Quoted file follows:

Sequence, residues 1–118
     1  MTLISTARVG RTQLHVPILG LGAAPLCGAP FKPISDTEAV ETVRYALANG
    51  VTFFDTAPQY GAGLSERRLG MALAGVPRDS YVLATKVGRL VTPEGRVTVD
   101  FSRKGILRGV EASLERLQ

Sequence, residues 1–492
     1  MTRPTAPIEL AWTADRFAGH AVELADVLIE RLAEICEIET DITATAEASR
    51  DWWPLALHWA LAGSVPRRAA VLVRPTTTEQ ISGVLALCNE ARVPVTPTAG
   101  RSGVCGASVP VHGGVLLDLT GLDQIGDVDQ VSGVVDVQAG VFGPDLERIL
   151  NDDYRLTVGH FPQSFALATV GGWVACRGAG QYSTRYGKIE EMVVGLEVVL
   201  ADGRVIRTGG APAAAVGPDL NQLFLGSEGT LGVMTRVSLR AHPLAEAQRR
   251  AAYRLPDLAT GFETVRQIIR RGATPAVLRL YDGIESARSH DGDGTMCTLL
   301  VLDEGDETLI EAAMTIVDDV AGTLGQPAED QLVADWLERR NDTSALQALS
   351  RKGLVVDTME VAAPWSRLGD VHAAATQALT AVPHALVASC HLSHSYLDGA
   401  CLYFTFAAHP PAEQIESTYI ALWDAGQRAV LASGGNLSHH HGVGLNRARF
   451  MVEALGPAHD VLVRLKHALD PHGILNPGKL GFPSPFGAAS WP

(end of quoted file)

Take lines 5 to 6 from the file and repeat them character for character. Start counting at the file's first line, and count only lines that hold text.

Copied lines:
Sequence, residues 1–492
     1  MTRPTAPIEL AWTADRFAGH AVELADVLIE RLAEICEIET DITATAEASR